Cubemen 2 is a real time strategy tower defence game made by Nnooo. It’s seen a release on many other platforms, including PC, Android, and iOS, and now it’s made its way to the Wii U. I review this particular version of the game and let loose the blocks of war.
Back in ’06, Resistance: Fall of Man was one of the very first games to be released for the debut of the PlayStation 3. The series went on to see a trilogy and even spawned a spin-off on the PlayStation Portable. And now, Resistance: Burning Skies has the honour of being the first twin-stick shooter on a handheld console. It’s an unenviable task of going first, especially considering veteran Resistance developer Insomniac Games wasn’t leading the charge. Instead, the duties went to Nihilistic Software, a developer notable for their middling effort on PlayStation Move Heroes.
So, does Resistance: Burning Skies for PlayStation Vita not only distil all the things we’ve come to know and like from the Resistance universe but also make good use of the handheld’s distinct features? I head to the front lines to find out.
War. What is it good for? Edwin Starr’s assertion of “absolutely nuthin’!” was perhaps a bit premature, and who could blame him? I doubt anyone back in the 70s could have predicted that video games based around all kinds of small and large-scale wars would become the preferred genre of choice for the dude-bro generation, and generally being good for lining the pockets of the publishing studios. While it’s widely accepted that the gritty, war-machine FPS genre is over-saturated, it’s certainly not stopping developers from churning out game after game, stacking them on a steadily rising pile that’s sure to come crumbling in on itself at some point (or perhaps it already has?)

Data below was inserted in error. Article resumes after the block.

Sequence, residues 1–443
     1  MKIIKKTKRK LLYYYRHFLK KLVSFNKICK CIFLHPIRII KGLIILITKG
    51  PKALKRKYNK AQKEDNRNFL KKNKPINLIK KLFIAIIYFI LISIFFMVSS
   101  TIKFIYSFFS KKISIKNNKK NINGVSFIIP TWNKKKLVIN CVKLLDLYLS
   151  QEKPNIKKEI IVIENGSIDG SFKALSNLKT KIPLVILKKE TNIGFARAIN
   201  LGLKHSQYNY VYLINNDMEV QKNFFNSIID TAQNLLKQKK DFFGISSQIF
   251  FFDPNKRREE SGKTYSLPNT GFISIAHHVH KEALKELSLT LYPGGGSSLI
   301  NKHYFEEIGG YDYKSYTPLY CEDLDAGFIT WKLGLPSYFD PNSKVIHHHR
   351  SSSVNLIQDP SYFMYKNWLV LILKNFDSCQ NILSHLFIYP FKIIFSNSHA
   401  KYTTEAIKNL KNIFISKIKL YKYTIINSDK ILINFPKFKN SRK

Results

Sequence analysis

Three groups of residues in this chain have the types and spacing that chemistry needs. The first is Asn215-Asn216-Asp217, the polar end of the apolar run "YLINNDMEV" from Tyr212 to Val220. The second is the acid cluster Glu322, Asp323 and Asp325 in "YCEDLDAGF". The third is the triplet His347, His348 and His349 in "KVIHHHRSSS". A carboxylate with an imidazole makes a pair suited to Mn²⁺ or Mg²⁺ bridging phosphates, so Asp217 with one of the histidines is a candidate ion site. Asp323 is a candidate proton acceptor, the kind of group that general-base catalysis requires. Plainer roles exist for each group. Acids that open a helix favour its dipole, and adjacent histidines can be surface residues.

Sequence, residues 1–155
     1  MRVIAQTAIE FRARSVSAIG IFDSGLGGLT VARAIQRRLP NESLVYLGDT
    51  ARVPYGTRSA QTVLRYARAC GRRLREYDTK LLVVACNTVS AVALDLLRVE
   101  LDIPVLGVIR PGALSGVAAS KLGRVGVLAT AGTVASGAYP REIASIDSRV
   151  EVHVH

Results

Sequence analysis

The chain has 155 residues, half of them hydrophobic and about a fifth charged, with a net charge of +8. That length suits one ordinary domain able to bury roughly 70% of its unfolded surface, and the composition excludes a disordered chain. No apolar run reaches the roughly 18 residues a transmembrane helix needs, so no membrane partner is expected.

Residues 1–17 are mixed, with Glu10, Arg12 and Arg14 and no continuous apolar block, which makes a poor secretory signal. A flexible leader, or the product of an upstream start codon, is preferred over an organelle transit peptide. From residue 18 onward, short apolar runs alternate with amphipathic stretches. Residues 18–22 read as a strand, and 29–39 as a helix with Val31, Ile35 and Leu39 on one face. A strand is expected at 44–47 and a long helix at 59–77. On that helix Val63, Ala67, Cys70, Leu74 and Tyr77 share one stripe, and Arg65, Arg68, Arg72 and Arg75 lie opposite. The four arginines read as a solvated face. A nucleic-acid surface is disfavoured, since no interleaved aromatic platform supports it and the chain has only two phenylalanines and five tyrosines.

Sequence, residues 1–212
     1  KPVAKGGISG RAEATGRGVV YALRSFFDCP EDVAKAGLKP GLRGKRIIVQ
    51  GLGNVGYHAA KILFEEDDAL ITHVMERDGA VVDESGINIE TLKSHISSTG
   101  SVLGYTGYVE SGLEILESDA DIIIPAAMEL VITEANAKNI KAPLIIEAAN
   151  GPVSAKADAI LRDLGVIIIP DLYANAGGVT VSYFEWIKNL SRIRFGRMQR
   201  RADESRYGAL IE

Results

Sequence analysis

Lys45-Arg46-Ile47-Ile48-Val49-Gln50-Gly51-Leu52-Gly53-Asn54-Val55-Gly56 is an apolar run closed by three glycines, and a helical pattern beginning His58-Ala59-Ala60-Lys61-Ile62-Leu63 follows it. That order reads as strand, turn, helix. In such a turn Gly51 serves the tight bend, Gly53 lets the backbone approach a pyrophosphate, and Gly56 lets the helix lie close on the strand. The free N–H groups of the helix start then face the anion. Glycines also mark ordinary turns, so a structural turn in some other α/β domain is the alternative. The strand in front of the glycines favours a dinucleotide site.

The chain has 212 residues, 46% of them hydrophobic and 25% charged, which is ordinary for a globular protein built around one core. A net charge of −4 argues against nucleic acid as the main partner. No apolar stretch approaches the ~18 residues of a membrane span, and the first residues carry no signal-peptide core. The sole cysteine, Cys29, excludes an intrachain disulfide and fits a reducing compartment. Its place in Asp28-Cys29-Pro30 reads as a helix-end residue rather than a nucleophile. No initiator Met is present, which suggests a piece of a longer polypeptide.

Codemasters’ Operation Flashpoint: Red River is the latest installment being added to this pile. Is it relevant? Does it warrant your hard-earned money, and is it worthy of your attention? If said attention span is fairly short, the answer’s probably not. Find out why after the jump.
First-person-shooter fatigue. It’s a not entirely uncommon syndrome, and I’m suffering from it. In an already overcrowded genre, with multiple development studios trying desperately to chip away at the market share owned by the Call of Dutys and Halos of this generation, I’ve recently become largely disinterested in anything that proffers the “first-person-shooter” moniker. Lately, I can stomach only so many variations of “Capture The Flag” or “Team Deathmatch” before I start losing interest faster than you can say “kill/death ratio”. After taking a break of sorts, purposely avoiding the genre for little more than a year, my self-imposed hiatus ceased with the recently released Killzone 3, and now (the purpose of this rather long-winded introduction) Kaos Studios’ Homefront. My full impressions after the jump.